Exercise Corrective Exercise for LBP

Corrective Exercise

Before I begin, let me remind you that I am not an MD or Physical Therapist. I am a Corrective Exercise Specialist – meaning two things: if you have a movement-compensation, I can fix that or when a patient is released from PT, they can come to me to continue their exercises and gain overall body strength to prevent injury. Please listen to your doctor & implement exercise per your doctor. If you are cleared from your doctor or physical therapist for exercise, then you may take my advice!

One of the obstacles that I am always battling with new clients is Low Back Pain (LBP). Most people who come to me with LBP don’t think they can move because their body hurts. In some cases, your back pain may be from a lot of driving, sitting at a computer, sitting doing school work, etc.

As a human, I can tell you that I don’t have the best posture while I’m driving, especially when I’m on a road trip. I also struggle to keep good posture when I am at my computer – I am good for the first hour or so, but anything longer, forget it! But if I don’t get up and move my body, the stiffness continues and pain can occur. This is an endless cycle, which you may be living in right now! If any of these examples sound like you, you may just need to implement a few movements into your day to help!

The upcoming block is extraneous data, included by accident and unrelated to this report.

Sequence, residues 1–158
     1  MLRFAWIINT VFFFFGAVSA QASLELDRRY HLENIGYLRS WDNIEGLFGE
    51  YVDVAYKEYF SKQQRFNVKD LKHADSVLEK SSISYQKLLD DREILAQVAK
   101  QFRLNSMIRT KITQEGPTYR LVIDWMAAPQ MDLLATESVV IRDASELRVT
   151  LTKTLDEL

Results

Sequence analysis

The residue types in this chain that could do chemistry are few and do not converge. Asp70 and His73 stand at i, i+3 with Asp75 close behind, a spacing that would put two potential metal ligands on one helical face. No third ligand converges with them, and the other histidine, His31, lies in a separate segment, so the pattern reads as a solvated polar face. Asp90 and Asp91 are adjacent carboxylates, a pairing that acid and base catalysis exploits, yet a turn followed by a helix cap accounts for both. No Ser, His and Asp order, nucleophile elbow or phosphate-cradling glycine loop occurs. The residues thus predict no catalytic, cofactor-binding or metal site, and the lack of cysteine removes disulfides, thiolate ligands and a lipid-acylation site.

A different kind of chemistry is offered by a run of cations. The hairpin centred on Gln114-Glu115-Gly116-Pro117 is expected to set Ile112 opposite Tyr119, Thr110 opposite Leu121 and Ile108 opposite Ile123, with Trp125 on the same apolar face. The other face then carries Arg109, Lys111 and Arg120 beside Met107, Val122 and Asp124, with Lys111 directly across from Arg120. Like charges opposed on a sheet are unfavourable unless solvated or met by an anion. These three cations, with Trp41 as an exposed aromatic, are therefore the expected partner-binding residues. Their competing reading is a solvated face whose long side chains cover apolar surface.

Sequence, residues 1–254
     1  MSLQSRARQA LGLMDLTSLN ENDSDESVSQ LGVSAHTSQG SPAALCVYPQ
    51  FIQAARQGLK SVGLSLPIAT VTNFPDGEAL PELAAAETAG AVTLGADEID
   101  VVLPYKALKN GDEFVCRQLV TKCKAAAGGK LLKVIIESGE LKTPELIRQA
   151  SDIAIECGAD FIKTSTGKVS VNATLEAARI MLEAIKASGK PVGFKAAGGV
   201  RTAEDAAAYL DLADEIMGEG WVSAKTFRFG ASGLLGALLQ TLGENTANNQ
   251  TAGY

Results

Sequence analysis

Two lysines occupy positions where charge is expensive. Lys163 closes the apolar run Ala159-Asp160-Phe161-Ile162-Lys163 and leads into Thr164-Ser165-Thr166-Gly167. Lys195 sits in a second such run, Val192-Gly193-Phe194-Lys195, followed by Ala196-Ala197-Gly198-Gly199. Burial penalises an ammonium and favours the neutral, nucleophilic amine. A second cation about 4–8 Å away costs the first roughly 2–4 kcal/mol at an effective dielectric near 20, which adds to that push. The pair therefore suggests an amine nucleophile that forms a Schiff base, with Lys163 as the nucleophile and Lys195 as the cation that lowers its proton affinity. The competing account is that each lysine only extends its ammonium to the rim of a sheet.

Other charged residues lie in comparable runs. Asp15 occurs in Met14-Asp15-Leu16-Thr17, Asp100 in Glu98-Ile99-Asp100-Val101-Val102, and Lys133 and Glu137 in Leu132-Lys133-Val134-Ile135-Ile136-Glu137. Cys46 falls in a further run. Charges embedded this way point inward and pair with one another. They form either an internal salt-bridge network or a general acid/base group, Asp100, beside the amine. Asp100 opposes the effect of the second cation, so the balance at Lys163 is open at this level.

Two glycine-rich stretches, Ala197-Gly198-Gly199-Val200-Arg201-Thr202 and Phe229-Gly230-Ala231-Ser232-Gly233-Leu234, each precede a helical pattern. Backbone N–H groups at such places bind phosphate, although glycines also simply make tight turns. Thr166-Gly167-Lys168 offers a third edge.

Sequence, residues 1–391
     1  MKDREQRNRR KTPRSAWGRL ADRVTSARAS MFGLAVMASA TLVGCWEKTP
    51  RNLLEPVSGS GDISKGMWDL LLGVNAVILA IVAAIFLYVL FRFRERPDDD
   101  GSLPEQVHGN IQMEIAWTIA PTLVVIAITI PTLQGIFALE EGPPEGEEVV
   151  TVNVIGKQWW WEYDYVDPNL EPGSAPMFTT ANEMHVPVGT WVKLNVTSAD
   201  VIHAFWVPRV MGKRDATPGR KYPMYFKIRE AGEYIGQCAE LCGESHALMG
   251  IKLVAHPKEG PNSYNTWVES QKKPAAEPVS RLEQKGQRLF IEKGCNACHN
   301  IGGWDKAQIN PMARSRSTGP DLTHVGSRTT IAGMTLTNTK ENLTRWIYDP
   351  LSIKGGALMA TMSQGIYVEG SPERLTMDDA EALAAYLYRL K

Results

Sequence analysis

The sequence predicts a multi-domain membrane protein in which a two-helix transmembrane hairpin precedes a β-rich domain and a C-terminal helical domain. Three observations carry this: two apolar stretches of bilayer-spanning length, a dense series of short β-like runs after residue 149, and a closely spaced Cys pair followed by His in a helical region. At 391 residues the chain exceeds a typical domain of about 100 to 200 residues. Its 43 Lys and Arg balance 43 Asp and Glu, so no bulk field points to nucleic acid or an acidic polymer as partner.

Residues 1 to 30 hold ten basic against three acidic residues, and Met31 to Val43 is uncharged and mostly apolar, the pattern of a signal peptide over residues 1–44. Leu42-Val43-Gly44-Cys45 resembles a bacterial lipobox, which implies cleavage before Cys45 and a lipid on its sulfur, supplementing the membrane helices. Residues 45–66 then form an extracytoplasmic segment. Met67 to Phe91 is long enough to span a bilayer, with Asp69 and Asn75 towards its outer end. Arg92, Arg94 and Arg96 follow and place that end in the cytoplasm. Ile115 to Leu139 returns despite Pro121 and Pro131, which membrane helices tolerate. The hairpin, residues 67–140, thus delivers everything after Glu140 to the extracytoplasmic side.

Unless there is an orthopedic issue, most LBP can be minimized through exercise. This is because most LBP is a result of a lack of core strength. This does not mean that you need to go get a 6 pack of abs (even though maybe you do have some weight to lose, that will help). But you will need to implement some exercises to increase your core strength! Remember, your core isn’t just your “6-pack” (rectus abdominis); you have internal core stabilizers, a pelvic floor, and deep spinal muscles that all play a part!

Here are the 5 beginner exercises that I recommend for any new client coming to me with some back pain/tightness.

I recommend 2 sets of 10-15 each to get you started.

  1. Bridges


  2. Birddog
  3. Superman (alternating – right arm with left leg, vice versa)
  4. Plank Holds (start with 10-15 seconds and work your way up)
  5. Plank to Downward DogCorrective Exercise

Along with these 5 exercises, I recommend getting a foam roller. I live by the foam roller – self-myofascial release is important for muscle recovery and injury prevention! Foam roll your quads, IT bands, hamstrings, and calves. The first time you try it, you may curse me out (just ask some of my clients!), but once you implement rolling into your routine, you’ll thank me!

I hope these tricks will bring you some relief! I hope that you dedicate some time (these things won’t minimize the issue with one run through). And I hope you reach out if you have questions or want more information!

Be Blessed Always, Coach Cate

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